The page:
Your pet’s body will change as it ages, but paying close attention and providing good care can help your pet live a longer, happier life. Arthritis is very common and can start as early as 10 years of age in cats and small dogs, and even earlier in large dogs. Keep an eye out for any changes in movement or reduced levels of play. Dental disease causes pain and infection that spreads throughout the body and requires regular attention from your veterinarian. The anesthesia required for dental cleanings has become very safe, even for older animals (if proper precautions are taken).

Many diseases, such as kidney disease, diabetes, and heart disease, become much more common as pets age. A veterinary exam, blood tests and other tests are needed every 6 to 12 months or more. By finding medical problems sooner, veterinary care will be easier and less expensive, and your pet will experience less discomfort. Since pets can’t tell us when something is wrong, your veterinary team plays an important role in finding and treating changes. Your pet may need a change in diet, treats, or activity levels which your vet can advise you on.

French bulldog dog and veterinary doctor hand in veterinary clinic.
Hryshchyshen Serhii / Shutterstock.com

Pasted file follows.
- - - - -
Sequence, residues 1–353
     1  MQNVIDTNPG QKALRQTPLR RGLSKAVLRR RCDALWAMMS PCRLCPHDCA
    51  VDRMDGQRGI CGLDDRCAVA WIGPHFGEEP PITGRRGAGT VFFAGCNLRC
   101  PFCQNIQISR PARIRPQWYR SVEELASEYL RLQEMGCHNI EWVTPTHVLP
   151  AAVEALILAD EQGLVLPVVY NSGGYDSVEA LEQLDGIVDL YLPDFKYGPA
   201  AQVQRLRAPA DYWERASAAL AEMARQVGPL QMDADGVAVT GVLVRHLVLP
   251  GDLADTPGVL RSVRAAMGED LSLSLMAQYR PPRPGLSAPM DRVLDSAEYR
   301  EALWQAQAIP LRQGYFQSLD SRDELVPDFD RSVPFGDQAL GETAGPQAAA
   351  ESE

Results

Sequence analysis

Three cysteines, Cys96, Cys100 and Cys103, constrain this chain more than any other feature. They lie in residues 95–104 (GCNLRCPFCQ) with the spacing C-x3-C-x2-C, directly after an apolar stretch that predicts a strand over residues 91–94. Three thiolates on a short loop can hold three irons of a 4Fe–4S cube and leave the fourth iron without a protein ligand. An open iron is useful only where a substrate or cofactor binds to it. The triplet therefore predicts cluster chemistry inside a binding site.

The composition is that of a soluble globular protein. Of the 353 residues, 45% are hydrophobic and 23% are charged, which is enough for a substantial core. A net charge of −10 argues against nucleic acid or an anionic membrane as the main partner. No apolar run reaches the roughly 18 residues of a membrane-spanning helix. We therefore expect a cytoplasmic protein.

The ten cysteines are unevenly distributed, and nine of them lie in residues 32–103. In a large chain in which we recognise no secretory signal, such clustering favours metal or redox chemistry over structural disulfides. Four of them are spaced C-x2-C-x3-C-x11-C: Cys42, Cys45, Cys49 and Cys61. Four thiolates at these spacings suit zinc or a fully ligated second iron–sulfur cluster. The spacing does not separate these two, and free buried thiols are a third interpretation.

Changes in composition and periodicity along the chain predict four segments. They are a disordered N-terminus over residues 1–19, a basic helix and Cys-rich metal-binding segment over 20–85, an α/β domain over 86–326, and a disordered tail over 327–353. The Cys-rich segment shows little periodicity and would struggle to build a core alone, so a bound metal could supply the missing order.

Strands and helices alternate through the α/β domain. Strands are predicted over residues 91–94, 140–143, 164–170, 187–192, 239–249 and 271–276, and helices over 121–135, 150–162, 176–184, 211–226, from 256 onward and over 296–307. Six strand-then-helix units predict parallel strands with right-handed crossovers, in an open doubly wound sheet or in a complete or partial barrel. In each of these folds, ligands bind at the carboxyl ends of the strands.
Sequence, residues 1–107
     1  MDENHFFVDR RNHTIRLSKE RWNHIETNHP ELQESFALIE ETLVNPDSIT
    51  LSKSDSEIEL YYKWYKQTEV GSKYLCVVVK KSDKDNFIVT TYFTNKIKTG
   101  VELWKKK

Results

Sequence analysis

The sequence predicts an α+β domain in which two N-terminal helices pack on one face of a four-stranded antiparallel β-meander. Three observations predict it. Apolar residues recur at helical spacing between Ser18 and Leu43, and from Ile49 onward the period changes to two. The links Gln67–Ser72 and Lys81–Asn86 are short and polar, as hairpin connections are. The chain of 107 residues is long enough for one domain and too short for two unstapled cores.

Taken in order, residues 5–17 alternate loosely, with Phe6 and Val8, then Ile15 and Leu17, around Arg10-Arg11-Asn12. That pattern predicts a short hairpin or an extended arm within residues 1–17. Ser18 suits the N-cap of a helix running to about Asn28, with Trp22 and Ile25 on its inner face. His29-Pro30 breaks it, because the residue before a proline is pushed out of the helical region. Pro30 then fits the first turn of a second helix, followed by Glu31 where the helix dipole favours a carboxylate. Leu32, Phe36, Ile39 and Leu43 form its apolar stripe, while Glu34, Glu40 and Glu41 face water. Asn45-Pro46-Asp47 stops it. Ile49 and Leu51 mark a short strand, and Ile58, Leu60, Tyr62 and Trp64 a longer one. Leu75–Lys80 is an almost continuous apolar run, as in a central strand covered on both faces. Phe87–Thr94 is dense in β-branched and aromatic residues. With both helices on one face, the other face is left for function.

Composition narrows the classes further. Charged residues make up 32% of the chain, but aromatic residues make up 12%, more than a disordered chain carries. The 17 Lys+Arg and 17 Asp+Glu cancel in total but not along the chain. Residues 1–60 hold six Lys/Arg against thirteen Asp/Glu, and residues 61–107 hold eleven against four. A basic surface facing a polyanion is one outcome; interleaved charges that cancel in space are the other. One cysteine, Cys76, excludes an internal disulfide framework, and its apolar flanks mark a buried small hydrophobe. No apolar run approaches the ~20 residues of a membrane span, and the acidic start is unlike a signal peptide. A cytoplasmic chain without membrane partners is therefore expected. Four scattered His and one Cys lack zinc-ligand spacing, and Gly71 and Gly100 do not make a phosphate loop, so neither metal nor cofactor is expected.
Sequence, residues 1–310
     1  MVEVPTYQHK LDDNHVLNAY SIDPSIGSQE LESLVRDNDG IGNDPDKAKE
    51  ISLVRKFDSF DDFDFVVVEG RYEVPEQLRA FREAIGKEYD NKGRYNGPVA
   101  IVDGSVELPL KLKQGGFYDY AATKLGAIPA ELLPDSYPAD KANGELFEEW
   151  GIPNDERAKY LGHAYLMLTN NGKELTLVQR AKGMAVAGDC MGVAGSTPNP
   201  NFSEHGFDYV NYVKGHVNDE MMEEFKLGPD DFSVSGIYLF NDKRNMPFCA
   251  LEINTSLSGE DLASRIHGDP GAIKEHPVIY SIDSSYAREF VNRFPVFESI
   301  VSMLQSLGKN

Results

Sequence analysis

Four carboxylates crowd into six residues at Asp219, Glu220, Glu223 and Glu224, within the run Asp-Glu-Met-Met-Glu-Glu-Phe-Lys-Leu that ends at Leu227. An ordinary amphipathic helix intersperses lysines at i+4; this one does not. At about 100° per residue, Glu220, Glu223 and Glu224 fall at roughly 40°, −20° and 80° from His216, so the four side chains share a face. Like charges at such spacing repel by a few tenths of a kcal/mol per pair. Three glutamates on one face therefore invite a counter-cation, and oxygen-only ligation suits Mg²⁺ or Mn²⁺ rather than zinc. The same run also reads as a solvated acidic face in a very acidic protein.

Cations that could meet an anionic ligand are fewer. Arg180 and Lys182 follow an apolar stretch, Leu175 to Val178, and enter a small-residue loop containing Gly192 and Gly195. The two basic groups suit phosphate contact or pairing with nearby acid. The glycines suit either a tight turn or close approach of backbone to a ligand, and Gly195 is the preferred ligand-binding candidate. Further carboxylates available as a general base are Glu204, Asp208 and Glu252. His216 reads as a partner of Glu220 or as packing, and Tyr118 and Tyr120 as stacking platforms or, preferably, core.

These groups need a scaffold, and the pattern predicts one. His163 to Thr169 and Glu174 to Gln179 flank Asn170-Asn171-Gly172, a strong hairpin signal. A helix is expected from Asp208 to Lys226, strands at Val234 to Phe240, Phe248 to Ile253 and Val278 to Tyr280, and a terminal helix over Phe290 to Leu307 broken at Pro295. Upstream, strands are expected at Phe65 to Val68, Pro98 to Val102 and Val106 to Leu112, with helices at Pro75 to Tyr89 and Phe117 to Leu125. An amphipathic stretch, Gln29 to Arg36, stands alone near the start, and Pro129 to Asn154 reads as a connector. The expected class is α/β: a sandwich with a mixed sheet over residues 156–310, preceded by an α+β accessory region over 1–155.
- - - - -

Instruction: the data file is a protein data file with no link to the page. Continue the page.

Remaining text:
3. Find the right veterinary equipment for your changing needs

As your lifestyle changes, you may need to find a veterinary clinic with different hours or accessibility. Find a veterinary team that is willing to partner with you in a way that you feel comfortable with. You may prefer a mobile vet who comes to your home to provide care. Always be courteous and considerate, but ask for what you need. If you have been a client for many years, please alert the clinic to changes in your lifestyle and needs.

Getting pet insurance can help reduce cost surprises down the road. The insurance will not cover pre-existing conditions, so buy it as soon as possible. You can choose from many options depending on what you want it to cover.

Elderly woman holding a small striped kitten, a kitten in the arms of a woman.
Volodymyr / Shutterstock.com

4. Improve your health by taking care of pets